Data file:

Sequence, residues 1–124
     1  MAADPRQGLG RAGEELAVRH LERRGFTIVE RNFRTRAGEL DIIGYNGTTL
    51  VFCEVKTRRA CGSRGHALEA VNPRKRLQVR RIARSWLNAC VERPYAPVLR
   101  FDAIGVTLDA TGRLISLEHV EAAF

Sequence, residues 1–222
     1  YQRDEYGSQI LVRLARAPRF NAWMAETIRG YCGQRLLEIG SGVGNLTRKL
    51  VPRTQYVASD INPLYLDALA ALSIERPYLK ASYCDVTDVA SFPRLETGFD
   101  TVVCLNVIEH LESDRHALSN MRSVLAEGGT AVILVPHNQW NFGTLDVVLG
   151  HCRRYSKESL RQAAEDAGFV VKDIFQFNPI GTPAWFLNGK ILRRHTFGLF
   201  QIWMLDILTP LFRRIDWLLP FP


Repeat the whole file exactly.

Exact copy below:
Sequence, residues 1–124
     1  MAADPRQGLG RAGEELAVRH LERRGFTIVE RNFRTRAGEL DIIGYNGTTL
    51  VFCEVKTRRA CGSRGHALEA VNPRKRLQVR RIARSWLNAC VERPYAPVLR
   101  FDAIGVTLDA TGRLISLEHV EAAF

Sequence, residues 1–222
     1  YQRDEYGSQI LVRLARAPRF NAWMAETIRG YCGQRLLEIG SGVGNLTRKL
    51  VPRTQYVASD INPLYLDALA ALSIERPYLK ASYCDVTDVA SFPRLETGFD
   101  TVVCLNVIEH LESDRHALSN MRSVLAEGGT AVILVPHNQW NFGTLDVVLG
   151  HCRRYSKESL RQAAEDAGFV VKDIFQFNPI GTPAWFLNGK ILRRHTFGLF
   201  QIWMLDILTP LFRRIDWLLP FP